The Sims and
The Sims 2
are EA and Aspyr’s legendary series of simulated life games that put you in the role of an omniscient and somewhat omnipotent observer of the lives of people, called Sims, who go about their daily lives. You help them find jobs, decorate their homes, make friends, and eventually establish relationships that lead to families. Now Aspyr and EA have pushed the franchise in a new direction with
The Sims Life Stories, which is sort of what happens when The Sims meet an afternoon soap opera. It’s an entirely new game, not an expansion pack.
Some can argue—successfully—that The Sims franchise is soap operatic enough, with endless dramas unfolding in the lives of your Sims as part of the open-ended gameplay. What they’ve done here is consolidated the gameplay to follow a more linear flow, orbiting around the lives and loves of two specific Sims—Riley Harlow and Vincent Moore. Riley’s looking for true love, some measure of financial success, and artistic fulfillment, while Vince, a successful entrepreneur, is suffering his own setbacks in his personal life. You spend half the game leading one character, half the game leading the other.
The Sims Life Stories—the first game in the franchise to be originally developed by Aspyr, rather than just ported to the Mac—is billed as being friendly to laptops and low-end machines that might not be able to run the full version of The Sims 2. Believe it or not, The Sims 2, despite its reputation as a “casual” game, has some of the most demanding system requirements of any title out there, and can easily bring even a high-end Mac to its knees, thanks to really advanced AI and sophisticated graphics features.
Spinning a Yarn
Riley prepares dinner for her new friends as one of them weaves an intricate tale involving UFOs, ghosts and kitchen appliances.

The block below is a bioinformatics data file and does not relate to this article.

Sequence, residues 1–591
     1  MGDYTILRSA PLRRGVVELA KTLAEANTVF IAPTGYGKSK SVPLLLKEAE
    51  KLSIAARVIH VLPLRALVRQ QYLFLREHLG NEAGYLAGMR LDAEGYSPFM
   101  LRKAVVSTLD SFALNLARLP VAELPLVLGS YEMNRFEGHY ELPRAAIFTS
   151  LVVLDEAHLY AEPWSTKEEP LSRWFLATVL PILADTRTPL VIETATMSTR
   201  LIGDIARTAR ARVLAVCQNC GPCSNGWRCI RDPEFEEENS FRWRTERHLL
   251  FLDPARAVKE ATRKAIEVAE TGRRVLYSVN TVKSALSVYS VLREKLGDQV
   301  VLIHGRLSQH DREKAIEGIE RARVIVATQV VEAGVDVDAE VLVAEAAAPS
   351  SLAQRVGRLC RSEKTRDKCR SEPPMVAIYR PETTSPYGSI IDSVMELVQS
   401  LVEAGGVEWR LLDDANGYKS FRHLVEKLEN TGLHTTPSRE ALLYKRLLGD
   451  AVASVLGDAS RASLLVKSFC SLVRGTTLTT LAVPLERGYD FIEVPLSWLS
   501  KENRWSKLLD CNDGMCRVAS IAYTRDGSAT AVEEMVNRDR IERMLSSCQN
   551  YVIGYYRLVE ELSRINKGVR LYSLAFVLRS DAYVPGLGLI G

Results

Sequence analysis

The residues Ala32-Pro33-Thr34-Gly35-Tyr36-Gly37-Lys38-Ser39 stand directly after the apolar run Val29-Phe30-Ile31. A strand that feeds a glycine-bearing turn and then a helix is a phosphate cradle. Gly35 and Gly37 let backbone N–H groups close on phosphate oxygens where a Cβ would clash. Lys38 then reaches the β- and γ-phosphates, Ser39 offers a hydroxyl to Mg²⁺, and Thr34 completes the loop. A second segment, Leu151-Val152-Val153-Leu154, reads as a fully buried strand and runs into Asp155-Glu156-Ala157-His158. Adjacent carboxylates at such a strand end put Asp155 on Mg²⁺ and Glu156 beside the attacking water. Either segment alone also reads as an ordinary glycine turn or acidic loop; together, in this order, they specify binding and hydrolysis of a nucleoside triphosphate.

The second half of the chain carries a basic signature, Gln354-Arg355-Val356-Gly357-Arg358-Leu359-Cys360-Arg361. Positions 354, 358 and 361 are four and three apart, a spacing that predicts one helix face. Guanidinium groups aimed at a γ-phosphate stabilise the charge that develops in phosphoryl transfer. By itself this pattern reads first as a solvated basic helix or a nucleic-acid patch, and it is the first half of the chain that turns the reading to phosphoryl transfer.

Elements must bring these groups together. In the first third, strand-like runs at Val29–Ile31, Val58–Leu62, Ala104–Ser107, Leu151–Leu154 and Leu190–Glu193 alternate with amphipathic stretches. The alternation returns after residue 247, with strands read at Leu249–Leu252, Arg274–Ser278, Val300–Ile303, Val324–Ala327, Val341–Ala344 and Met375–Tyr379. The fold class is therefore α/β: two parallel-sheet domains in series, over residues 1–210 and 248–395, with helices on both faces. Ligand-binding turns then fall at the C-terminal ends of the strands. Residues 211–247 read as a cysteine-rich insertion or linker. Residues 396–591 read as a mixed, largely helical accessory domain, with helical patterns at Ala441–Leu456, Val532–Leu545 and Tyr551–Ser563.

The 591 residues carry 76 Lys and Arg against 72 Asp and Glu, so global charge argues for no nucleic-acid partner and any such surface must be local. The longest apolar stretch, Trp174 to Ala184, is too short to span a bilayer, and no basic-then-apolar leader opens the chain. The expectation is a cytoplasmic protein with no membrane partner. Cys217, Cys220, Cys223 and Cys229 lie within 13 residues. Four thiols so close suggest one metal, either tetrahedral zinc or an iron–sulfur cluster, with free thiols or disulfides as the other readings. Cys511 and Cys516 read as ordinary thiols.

Aspyr’s position as this game’s original developer is also the reason why the Mac version of The Sims Life Stories only trailed its PC counterpart by a few weeks, rather than the months that Sims 2 fans have come to expect. Hopefully Aspyr will be able to close the gap even further in future installments and release new games simultaneously with their PC counterparts.
So The Sims Life Stories tailors the game engine and some functionality a bit to run better on lower-end hardware. Still, the game offers an authentic Sims 2-style interface and really impressive graphics, even if you can’t have quite as many Sims on screen as before, or quite as huge a house, or, for that matter, as big a neighborhood. You’ll hear the same styles of music and the same nonsense “Simlish” language that you’ve heard in other games.
I mentioned earlier that The Sims Life Stories employs a more linear gameplay mode than The Sims 2 does. That’s not to say that you can’t play The Sims Life Stories in the same “classic” open-ended fashion you’re already accustomed to: You can create your own Sims from scratch, build a home for them, and lead them through the trials and tribulations of Sim life. But you’ll find that The Sims Life Stories is considerably more limited in terms of what you can do, what you can build, and where you can go—it’s all got to do with the game being designed to be friendlier to lower-end hardware than its gargantuan predecessor.
By the way, this is only the first in what EA and Aspyr plan as an entirely new franchise for The Sims. Already they’re hard at work on The Sims Pet Stories and The Sims Castaway Stories, coming later this year.
The bottom line
More limited than The Sims 2, The Sims Life Stories helps condense and consolidate the Sims 2 play experience for users who might have been left out thus far because of slower Macs.